BUT FIRST:  An overnight detour to Telluride and a Lucky Brown reunion in Santa Fe!  All that and more in my next post.

Tour Post #2

By , April 28, 2014 6:26 pm

Writing this in the backyard of Scott’s friend Josh, a saxophonist in New Orleans who is nice enough to put us up for the week.  There is a warm breeze and it is a sticky but beautiful 80 degrees, although it is kicking up a bit and there are some storm warnings.

Some carryovers from S.F.:  Grant trying on a handmade tie-dye coat at Jamming on Haight, and my favorite photo on the Boom Boom Room Wall, Big Mama Thornton with the Muddy Waters Blues Band.

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SO…after San Francisco we had a show at Harlow’s, in Sacramento.  We played with Big Sticky Mess, a funkadelic trio from Davis.  They were a lot of fun, a little bit of Bootsy Collins, Cameo, and 70’s funk guitar and bass; it was impossible not to dance!  We stayed at their house in Davis, a musician’s house with 11 people, jam/recording space, and a friendly house dog.  Many of them work at the Trader Joe’s down the street from their house part time, which gives them time to work on music too.  Davis seemed like a cool, mellow college town, although I didn’t have a whole lot of time to explore.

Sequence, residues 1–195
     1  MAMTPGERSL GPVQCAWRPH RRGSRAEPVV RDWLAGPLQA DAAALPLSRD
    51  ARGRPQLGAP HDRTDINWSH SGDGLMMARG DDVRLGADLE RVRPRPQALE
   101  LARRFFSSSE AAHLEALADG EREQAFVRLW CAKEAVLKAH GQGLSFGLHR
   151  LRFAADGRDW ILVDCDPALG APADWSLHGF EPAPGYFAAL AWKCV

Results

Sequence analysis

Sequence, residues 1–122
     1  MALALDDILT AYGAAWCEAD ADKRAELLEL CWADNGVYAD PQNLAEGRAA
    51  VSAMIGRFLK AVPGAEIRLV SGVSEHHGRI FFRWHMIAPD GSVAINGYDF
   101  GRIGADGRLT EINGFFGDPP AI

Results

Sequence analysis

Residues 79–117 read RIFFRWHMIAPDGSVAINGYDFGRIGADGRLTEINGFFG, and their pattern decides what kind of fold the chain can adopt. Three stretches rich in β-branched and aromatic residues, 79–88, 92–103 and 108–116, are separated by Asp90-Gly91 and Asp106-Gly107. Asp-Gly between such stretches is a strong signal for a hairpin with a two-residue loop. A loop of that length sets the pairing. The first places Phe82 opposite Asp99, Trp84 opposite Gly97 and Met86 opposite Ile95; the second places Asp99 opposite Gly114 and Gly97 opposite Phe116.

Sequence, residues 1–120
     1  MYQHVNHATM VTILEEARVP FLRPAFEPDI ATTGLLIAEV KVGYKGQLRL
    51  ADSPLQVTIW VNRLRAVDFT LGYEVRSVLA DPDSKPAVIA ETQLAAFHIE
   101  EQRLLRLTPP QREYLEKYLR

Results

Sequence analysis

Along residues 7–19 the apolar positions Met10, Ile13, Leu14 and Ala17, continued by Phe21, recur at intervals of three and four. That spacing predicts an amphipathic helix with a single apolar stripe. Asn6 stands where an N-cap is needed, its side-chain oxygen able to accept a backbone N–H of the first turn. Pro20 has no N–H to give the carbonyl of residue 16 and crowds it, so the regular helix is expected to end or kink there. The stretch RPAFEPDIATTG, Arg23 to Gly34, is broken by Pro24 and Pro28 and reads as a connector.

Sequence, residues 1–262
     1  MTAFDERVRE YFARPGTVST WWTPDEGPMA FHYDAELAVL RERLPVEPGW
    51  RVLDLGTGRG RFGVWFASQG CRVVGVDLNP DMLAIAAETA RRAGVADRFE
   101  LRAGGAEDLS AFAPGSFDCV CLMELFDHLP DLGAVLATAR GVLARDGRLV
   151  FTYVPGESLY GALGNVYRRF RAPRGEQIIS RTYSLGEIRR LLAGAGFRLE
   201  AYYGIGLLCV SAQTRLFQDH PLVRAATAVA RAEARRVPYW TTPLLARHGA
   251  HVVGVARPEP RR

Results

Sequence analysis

We then headed to Nevada City to another favorite spot, the Crazy Horse.  The Horse has a small apartment unit above the bar that we were able to stay in (any time we have the opportunity to stay somewhere with a kitchen is a great thing because we can save money by cooking.  Of course, avoiding hotel room rentals is a huge cash saver too.)  We had a day to rest, stretch the legs and play frisbee, and wander around a town a bit.  I found a bookstore and bought a copy of Tolkien’s the Silmarillion, which I’m hoping to get through in the van rides and plane ride home.